Cereal offenders: Banks make a meal of charges

Some time ago, in mid-2004, there was a glimmer of hope that the national Treasury might be gearing up to finally take on the issue of excessive market power in South Africa’s banking sector. There are numerous manifestations of this problem, but it is painfully obvious to most of us in the area of banking charges. The glimmer of hope came in the form of a piece of research commissioned by the Treasury entitled Competition in South African Banking.

But as one read through the report it became clear that, while the researchers seemed to be on the right track, they lacked sufficient evidence to nail the culprits down. They conclude that “ownership of and control over the National Payments System is concentrated in the hands of the four biggest banks. It is possible that a complex monopoly exists, but a detailed investigation of this issue was not within the remit of the task group.”

They define a “complex monopoly” as what “occurs when firms, whether voluntarily or not and with or without agreement between them, so conduct their business that it prevents, restricts or distorts competition”.

The banks tend to counter accusations of anti-competitive behaviour with two arguments: they point to the vast (overwhelming, in fact) number of different packages on offer within and between the big four banks as evidence of competition and choice for the consumer. Furthermore, they argue, even if they wanted to collude it would be almost impossible to do. This latter argument is probably true for explicit collusion, where regular communication would be required for collusive strategies to be kept up to date with changes in the banking environment. However, that is precisely why the report did not allege explicit collusion but rather implicit collusion.

To see how this implicit collusion might occur, consider the somewhat simpler case of muesli. Until fairly recently the muesli market was a niche one, with one dominant manufacturer, Nature’s Source, currently owned by Bokomo. Probably owing in part to the high returns and the fact that healthier eating trends are changing consumers’ spending patterns, Tiger Brands entered the market. Its products were of similar quality, but at prices that substantially undercut Nature’s Source. Such under-pricing is a well-known strategy of very large firms that can afford to incur short-term losses for the longer-term benefit of gaining customers, or even eliminating their competitors altogether (as Coca-Cola did in the 1990s when Pepsi attempted to enter the South African market). What followed the appearance of this new firm? As time went by Nature’s Source price dropped and Tiger Brand’s price rose, until eventually they were sufficiently close that you had to look quite closely to see which was which in terms of price. Then they both began to rise, slowly, and have not fallen since.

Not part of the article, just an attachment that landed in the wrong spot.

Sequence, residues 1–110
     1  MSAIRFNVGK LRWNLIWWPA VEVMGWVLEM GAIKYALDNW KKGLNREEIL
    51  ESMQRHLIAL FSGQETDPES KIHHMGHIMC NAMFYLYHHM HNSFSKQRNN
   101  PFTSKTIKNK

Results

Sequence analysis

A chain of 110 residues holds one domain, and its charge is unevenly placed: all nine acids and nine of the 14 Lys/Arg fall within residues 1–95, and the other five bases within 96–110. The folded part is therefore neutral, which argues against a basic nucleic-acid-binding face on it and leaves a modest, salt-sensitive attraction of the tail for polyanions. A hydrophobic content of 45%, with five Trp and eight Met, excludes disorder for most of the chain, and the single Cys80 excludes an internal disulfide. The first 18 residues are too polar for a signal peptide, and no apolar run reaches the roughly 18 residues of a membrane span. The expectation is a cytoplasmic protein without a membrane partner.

So what’s the lesson? Well, first, competition in a market is, as free-marketeers never tire of telling us, generally a good thing. Second, it is a delicate plant whose fruits whither if the ground is not weeded regularly for anti-competitive behaviours. It should be fairly obvious, too, that coordinating on a price does not require producers ever to talk to each other. Here it would simply have required one firm to notice that it was losing market share—leading it to drop its price—and the other to see that it could increase its price without losing many consumers. Once they stabilised at the same level, both would know that it was not in either firm’s longer-term interest to undercut each other, and could then gradually increase prices at a sufficiently slow rate that neither lost market share before the other also raised its price by a similar amount.

Something else emerges from this example, though. As it happens, the large firm was at the time, and still is, the only retail producer of whole breakfast oats, which are also one of the ingredients—after being toasted—in its muesli product. Other than the additional cost of mixing and preparing the ingredients, muesli also has ingredients like cashew nuts and raisins that are more expensive (in the retail market at least) per kilogram than oats.

Yet the large firm’s muesli price was barely above the price of its oats in the other market in which it was completely dominant. In other words, its pricing in one market revealed unintentionally the extent to which it was abusing its market power by charging very high margins in another.

The case of the banks is, of course, more complex than cereal, by virtue of the fact that there are at least four significant players, never mind that the products on offer are not just basic consumer goods. The principles, however, remain the same. With common—arguably exorbitant—levels of retail charges, the banks have no incentive to undercut each other. Because the industry, like the muesli market, can only sustain a certain number of firms, the prospect of competition resolving the problem is small. As a result, regulatory intervention is required. 

Apparently a new report on the banking sector was commissioned and is due for release this year. Hopefully that will provide more substance for the competition authorities to work with in tackling a matter of very real public interest. In the meantime, perhaps they could take a look at the whole-oats market …

Sean Muller, an economics masters student at the University of Cape Town, is a Public Policy Partnership Fellow. He writes in his personal capacity

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